In the early 1970s, artist Gerald Squires, his wife, Gail, and daughters, Esther and Meranda, moved into an abandoned lighthouse-keeper’s cottage in Ferryland, Newfoundland. Not long after settling in, just before Halloween, an unexpected visitor knocked at their door. With a face “grizzly with wrinkles” and a “creaky voice,” the stranger announced, “Your dog asked me to come in.”
The jovial old-timer, who identified himself as Ferryland’s former policeman, made himself at home and regaled the family with colourful memories of the cottage’s previous occupants. He recalled a young boy who died of pneumonia in the house and showed them where the body was laid out for the wake. After spinning tales for hours, the fellow thanked the Squires for their hospitality and took his leave, content that the lighthouse remained “the friendly spot it always was.” The visitor’s departure was as curious and sudden as his arrival, making the family wonder, “Did he just fly away?”
Days later, Gerald and Esther learn from a neighbour that their mysterious guest sounds exactly like Dick Costello, a local constable who died 20 years earlier. More intriguing is the news that this isn’t the first time Dick has made an appearance since his demise.
Charis Cotter, author of the 2014 middle-grade novel The Swallow: A Ghost Story (which won the IODE Canada Violet Downey Book Award), is a skilled storyteller. She relates the Squires’s strange story – told from Esther’s perspective – at a leisurely pace, giving the tale the rhythm and cadence of a folksy conversation around a kitchen table. All of the atmospheric elements that make a good ghost story are at work here. You’d be hard pressed to find an eerier setting than a desolate, empty lighthouse: “The windows were broken. The roof leaked. The house smelled of damp. No one had laughed or cried or shouted or slept in it for a long, long time.” As fog creeps along the headland, six-year-old Esther gets “that strange fainty feeling.”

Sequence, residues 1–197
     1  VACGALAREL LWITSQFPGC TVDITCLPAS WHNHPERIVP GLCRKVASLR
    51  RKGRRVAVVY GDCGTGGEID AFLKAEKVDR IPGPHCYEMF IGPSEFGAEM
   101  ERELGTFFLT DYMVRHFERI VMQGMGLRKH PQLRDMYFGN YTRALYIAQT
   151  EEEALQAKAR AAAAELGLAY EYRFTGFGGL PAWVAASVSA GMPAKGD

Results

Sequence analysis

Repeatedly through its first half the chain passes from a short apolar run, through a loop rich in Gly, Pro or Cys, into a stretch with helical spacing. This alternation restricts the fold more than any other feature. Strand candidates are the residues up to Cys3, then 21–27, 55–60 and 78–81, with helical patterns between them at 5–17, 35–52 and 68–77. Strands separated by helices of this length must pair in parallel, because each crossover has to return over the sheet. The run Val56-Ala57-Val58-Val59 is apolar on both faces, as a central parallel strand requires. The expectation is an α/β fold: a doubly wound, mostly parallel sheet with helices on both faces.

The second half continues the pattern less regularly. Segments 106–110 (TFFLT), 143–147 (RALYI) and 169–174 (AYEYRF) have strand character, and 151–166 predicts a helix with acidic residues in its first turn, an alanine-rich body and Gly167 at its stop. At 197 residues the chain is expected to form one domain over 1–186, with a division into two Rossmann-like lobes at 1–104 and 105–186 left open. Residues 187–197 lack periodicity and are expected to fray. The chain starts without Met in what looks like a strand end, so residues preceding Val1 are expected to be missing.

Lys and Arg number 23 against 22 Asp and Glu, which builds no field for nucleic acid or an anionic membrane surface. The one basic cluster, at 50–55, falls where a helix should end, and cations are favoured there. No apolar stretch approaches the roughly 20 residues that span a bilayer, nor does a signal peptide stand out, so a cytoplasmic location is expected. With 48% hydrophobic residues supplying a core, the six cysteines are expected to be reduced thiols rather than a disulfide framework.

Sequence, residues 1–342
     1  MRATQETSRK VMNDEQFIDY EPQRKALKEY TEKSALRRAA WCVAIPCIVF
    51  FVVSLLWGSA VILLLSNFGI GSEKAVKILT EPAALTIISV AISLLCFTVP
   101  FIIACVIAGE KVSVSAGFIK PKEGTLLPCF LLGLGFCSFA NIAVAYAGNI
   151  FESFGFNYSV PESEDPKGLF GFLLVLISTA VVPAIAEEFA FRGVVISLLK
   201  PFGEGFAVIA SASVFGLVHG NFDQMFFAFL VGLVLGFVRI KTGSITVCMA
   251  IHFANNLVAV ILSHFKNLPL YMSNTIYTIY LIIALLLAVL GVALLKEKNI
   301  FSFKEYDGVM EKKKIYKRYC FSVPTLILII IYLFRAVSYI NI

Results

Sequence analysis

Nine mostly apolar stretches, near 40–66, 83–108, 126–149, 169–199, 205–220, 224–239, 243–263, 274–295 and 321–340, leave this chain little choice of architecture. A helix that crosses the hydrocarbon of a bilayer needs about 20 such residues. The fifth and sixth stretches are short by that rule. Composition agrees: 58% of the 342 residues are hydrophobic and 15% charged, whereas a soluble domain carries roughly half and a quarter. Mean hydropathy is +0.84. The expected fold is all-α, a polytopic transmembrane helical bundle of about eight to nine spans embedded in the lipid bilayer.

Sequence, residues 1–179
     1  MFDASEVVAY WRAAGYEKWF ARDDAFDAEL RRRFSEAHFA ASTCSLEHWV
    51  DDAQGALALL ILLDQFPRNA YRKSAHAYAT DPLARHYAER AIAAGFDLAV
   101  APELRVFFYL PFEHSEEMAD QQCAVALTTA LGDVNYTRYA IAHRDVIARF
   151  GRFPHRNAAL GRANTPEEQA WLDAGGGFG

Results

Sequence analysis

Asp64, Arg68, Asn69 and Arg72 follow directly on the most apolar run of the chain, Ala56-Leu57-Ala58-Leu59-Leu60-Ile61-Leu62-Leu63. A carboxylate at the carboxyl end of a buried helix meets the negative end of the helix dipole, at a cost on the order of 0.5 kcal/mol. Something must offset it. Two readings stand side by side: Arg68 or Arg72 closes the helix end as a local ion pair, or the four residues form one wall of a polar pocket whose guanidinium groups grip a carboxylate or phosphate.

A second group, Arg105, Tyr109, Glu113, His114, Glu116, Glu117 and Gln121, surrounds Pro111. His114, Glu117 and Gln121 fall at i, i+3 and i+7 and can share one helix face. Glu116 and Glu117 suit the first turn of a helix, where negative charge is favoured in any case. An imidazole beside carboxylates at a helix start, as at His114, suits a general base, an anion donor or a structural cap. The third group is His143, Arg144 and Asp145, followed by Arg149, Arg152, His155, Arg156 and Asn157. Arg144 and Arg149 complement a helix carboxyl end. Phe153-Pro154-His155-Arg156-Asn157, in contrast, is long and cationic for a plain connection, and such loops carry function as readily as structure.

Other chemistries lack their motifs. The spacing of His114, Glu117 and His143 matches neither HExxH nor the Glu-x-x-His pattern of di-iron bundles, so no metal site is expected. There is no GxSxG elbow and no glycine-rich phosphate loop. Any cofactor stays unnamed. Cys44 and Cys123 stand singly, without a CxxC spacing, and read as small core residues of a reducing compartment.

Following the ghostly visit, ordinary life goes on. Esther explores her new home, plays on the rocky shore, and runs “free like a Newfoundland pony.” The narrative touches matter-of-factly on the harsh living conditions of the isolated location – the lack of running water and needing to eat, sleep, and work in the kitchen because the rest of the house is too cold. To Esther, this all amounts to adventure, not hardship.
Gerald Squires’s oil paintings and graphite sketches accompany the story, providing even more authenticity to the paranormal account. The acclaimed Newfoundland artist’s work captures the harshness and beauty of the province. The dramatic landscape study Hare Ears Island, South End shows roiling white-capped ocean waves beating against the rugged shore, and a steep hill, covered in greenery, seems to soar to the sky. In The Gathering, horses, partially obscured by mist, roam and graze on a grassy patch of rocky land. The sun casts shadows from behind moody storm clouds.
Candid photographs are also scattered throughout the pages, further grounding the story in a distinct time and place. This personal, intimate touch affords readers a deeper connection with the characters: Esther and Meranda flash impish grins in a grainy, black-and-white photobooth headshot; Gerald stands beside one of his paintings in his studio; and Dick Costello, stately in his policeman’s cap and uniform, poses in front of a sloping hill, with a scattering of telephone poles, trees, and rocks in the background.
Gerald Squires died less than a year before this book was finished, rendering the memories, art, and sentiments all the more poignant. In addition to being an enjoyable ghost story, The Ferryland Visitor is an affecting tale about home and homecomings.